After some sanding to rough up the surface and taping in prep for new stain.


In progress-stained and white paint started on risers.


I’m not done yet. This is turning into about a 2 week job. I’ve so far gotten all the white risers done and a couple of coats on the spindles. Still have a few more coats to go but so far, I think it’s really brightened up what was a dark staircase. My foyer is quite large and the stairs are one of the first things you see when you walk through the front door. I wanted them to be the focal point. Let me know what you think. I’ll post the final reveal if I ever get this all done!



Reader Inspired Kitchen Cabinet Makeover

I’m happy to say that this post is a reader inspiration! Mr. Restyle occasionally shares our projects with coworkers (I had no idea). He happened to share our kitchen makeover with a lovely lady named Cristina. You can read the original post on our DIY kitchen makeover here.

Cristina shared the post with her husband Dante and they decided to set out and redo their own cabinets using General Finishes Java Gel Stain. Cristina and Dante share a passion for restoring old furnishings to their former glory. Restaining their cupboards is a great way to achieve a brand new look.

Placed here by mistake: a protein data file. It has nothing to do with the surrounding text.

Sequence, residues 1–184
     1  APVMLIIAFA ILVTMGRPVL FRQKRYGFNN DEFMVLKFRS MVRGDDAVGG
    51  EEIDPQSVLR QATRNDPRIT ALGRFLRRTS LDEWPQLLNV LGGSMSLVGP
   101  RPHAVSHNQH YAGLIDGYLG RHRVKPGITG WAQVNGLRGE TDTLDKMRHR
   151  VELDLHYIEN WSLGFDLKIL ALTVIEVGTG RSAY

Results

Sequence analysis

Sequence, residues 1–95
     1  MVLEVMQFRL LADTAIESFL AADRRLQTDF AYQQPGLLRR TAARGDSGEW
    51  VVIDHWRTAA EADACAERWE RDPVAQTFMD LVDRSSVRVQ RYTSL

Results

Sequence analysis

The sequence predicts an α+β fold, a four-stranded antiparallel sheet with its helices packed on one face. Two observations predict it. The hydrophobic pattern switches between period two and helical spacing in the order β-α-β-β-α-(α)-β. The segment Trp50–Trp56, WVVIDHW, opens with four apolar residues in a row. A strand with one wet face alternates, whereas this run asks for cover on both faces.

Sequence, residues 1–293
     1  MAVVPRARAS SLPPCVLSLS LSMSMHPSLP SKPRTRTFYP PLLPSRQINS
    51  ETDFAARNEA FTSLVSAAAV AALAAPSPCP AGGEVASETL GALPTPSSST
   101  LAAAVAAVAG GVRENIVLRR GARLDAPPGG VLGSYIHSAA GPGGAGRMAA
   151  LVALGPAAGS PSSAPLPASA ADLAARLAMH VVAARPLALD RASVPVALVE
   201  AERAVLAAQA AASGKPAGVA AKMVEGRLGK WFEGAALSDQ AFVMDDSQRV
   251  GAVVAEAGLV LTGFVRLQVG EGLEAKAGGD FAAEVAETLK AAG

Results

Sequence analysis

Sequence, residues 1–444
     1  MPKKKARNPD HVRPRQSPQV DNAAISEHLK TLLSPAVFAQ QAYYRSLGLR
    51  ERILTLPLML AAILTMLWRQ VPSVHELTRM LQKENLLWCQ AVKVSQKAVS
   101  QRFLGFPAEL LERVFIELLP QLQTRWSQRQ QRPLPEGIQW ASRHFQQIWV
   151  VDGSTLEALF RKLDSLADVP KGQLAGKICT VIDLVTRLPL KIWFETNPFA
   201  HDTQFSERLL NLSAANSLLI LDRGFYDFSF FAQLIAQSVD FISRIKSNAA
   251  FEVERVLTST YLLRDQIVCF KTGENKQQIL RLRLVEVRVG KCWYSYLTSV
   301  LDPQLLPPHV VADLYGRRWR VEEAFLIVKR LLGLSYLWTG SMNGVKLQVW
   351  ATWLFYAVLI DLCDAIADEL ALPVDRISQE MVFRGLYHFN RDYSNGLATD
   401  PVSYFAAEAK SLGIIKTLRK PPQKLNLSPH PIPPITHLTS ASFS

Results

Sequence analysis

Here’s the before of their cabinets. Ah yes, the good ole honey oak!

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Looks like their kitchen was already a happy place to be but look at the after below!


Here’s the after.


Gorgeous! So sleek and modern.


Great job guys! Here’s Cristina and Dante’s before and after for comparison. I am so happy to do be able to share our projects and more importantly, to hear that others can achieve something amazing from them.




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DIY Kitchen Makeover

This post has been a long time in the making. There are so many elements to write about that I am splitting them up in a multi-part series to cover everything we’ve done in our kitchen over the last several months because there are so many different things we did in here and each of them deserves their own post so I can tell you all about how we did it.

Here’s a look at the before.